* To undertake 90-day consultation period
* Second pension scheme’s deficit at around $3 bln
* Hit by rising longevity, volatile markets
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By Georgina Prodhan and Cecilia Valente
LONDON, June 29 (Reuters) - British state broadcaster the BBC [BBC.UL] may close its defined-benefit pension scheme for new joiners, following similar action by private-sector rivals, as they wrestle with rising longevity and volatile markets.
The publicly funded BBC said on Tuesday it would undertake a 90-day consultation on the proposal and other measures after its second pension-scheme’s deficit ballooned to about 2 billion pounds ($3 billion) in 2009 from 470 million in 2008.
The BBC closed its first final salary defined benefit scheme to new entrants in 2006, opening the current one which pays pensions based on average career pay rather than final salary.
“The proposed changes will help to ensure that the BBC pension scheme remains sustainable, flexible and affordable for the future,” the world’s largest broadcasting organisation said in a statement.
Defined-benefit schemes, which use salaries to calculate guaranteed levels of pension payments, are the most generous form of pension arrangement. Many firms are ditching such schemes as employees live longer.
The BBC received 3.5 billion pounds in licence-fee income in its last financial year. The licence fee is levied on all television-owning households in Britain, currently costing 146 pounds per year, which provides the bulk of the BBC’s income.
The BBC is under pressure from rivals led by satellite broadcaster BSkyB — who argue its state funding distorts the market — to scale back its ambitions.
A new, right-leaning UK government elected in May is widely expected to move to curb the BBC’s powers.
As well as core broadcasting operations in free-to-air UK television, the BBC has successful commercial operations overseas and owns the iPlayer, an online catch-up service for BBC programming that is one of Britain’s most popular websites.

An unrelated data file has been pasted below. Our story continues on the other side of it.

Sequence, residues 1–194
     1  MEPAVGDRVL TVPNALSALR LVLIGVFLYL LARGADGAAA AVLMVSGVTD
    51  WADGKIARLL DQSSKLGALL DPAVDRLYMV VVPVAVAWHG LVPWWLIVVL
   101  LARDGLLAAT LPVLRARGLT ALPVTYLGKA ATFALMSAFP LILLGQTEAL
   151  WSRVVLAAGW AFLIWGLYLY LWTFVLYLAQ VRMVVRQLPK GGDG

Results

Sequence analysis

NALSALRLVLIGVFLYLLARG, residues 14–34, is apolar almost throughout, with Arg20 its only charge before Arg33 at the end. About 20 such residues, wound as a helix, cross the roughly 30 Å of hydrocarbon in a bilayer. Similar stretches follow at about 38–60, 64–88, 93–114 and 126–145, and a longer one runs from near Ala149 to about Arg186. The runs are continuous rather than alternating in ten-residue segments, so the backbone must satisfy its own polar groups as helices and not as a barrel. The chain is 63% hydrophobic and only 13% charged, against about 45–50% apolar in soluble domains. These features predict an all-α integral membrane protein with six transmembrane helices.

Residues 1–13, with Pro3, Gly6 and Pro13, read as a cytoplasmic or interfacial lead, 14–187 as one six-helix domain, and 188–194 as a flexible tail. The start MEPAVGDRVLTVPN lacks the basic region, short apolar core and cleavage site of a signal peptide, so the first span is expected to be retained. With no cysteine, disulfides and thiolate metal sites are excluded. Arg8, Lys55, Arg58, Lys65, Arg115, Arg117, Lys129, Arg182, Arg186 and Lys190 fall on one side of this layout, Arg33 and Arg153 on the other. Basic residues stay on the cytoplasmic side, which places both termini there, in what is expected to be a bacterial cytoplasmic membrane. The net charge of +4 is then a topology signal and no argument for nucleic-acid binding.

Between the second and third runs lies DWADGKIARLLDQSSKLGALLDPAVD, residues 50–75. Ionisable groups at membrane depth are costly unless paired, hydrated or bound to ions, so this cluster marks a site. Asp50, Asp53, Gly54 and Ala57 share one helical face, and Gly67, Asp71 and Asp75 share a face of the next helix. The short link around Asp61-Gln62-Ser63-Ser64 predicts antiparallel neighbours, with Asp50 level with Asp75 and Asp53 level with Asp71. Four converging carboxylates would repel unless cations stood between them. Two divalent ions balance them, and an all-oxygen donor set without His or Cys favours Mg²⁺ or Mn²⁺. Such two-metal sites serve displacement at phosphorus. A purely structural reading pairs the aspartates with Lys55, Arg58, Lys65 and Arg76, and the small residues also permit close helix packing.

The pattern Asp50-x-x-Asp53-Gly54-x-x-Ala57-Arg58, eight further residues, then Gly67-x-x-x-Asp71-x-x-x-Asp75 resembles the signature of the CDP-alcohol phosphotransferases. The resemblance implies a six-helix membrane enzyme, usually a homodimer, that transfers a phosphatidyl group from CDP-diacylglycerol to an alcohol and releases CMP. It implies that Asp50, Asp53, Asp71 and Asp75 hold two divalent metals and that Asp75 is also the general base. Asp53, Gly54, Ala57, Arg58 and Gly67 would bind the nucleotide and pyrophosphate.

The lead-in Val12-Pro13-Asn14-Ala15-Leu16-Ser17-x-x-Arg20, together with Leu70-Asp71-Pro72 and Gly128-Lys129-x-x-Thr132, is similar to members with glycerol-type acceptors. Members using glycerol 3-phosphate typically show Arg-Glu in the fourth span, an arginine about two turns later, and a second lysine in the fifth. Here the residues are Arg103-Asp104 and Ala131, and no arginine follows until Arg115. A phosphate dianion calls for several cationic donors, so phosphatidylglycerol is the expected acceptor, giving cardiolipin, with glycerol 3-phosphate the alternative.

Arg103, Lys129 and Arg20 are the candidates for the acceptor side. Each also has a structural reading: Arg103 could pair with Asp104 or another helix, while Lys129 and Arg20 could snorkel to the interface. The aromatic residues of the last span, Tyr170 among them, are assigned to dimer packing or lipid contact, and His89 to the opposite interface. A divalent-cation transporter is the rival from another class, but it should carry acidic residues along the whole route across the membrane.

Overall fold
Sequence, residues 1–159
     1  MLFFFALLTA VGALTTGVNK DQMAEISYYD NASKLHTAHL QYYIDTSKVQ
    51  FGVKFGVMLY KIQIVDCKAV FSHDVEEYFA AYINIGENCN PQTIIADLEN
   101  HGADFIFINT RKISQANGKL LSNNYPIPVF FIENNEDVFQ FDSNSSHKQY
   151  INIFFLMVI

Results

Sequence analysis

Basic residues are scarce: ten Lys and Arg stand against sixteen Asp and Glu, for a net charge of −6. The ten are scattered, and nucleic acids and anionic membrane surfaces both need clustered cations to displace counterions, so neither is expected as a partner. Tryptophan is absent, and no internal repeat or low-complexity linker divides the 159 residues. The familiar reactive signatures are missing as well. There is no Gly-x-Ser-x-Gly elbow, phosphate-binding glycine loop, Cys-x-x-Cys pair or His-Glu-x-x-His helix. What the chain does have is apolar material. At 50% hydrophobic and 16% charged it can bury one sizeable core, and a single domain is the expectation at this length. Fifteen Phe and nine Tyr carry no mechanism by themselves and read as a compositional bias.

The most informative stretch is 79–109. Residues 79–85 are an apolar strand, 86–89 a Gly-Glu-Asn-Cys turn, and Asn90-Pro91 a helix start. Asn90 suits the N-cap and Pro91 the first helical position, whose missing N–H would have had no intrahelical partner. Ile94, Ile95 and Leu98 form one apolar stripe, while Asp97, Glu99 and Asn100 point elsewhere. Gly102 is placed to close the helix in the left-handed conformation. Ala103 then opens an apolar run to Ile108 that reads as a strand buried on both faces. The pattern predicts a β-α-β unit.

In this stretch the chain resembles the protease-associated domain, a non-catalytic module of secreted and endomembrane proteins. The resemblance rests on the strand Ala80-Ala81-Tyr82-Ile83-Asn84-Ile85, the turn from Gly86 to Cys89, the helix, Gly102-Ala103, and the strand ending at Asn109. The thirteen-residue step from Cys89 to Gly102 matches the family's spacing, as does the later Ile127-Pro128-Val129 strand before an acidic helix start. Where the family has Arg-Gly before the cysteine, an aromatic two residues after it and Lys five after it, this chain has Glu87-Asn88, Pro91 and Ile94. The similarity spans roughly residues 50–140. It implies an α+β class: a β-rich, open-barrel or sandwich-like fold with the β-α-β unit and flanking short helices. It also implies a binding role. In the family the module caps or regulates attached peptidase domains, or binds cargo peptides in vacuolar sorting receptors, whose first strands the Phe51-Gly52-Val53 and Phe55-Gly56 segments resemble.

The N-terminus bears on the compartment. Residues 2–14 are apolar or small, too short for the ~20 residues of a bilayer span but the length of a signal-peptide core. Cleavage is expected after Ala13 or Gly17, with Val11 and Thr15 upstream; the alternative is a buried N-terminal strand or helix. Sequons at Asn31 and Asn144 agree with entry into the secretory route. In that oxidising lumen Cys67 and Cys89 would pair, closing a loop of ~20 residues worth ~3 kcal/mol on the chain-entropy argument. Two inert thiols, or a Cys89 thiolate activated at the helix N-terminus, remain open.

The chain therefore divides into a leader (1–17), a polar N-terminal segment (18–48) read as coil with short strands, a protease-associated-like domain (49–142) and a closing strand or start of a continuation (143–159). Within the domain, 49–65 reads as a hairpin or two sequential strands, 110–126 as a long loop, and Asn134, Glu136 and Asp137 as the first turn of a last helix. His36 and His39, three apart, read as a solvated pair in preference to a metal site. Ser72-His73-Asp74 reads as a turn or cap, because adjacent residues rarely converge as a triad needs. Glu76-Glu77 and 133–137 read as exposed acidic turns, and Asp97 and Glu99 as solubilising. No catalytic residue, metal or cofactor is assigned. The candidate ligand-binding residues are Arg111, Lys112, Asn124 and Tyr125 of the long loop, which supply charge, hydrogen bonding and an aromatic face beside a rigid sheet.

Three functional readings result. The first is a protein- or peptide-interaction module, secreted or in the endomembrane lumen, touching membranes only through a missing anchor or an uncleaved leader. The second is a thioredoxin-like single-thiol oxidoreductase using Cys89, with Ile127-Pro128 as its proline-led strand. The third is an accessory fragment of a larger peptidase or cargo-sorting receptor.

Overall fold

The BBC itself signalled a retreat from some commercial operations in March.
The broadcaster said on Tuesday that existing members would remain in the defined-benefits scheme under its proposals, with a new, flexible defined-contribution scheme to be introduced for new joiners.
Current members of the existing scheme would continue to build up benefits, but future salary increases for calculating pension benefits would be limited to 1 percent per year. The BBC is not imposing a deadline to scheme members to make a decision. “It would be an on-going proposition,” a spokesman for the broadcaster told Reuters. Those eligible to stay enrolled with the defined benefit scheme, who choose to join the DC plan for future accruals will have their pensions built up “broadly in line with inflation” until retirement.
Independent consultant John Ralfe, who does not advise the scheme, said the cap would effectively reduce benefits. “I am not aware of any such situation where an employer has sought to reduce the benefit that have already been earnt. You would expect benefits to be in line with inflation,” Ralfe said.
“The youngest members would see the value of their future defined benefit pension accrual being reduced to such an extent that the alternative defined contribution scheme may actually become more valuable,” said Danny Wilding, partner at consultancy Barnett Waddingham.
“If inflation is higher (than 1 percent), than there would be a small decrease, but your pension is increasing — at a lower rate than it used to — but it still increases,” the BBC spokesman said.
The spokesman said the next triennial valuation of the career average scheme, due next year, may prompt a further review, but in the contribution rate rather than the fund’s structure. ($1 = 0.6638 pound) (Reporting by Georgina Prodhan; Editing by Simon Jessop)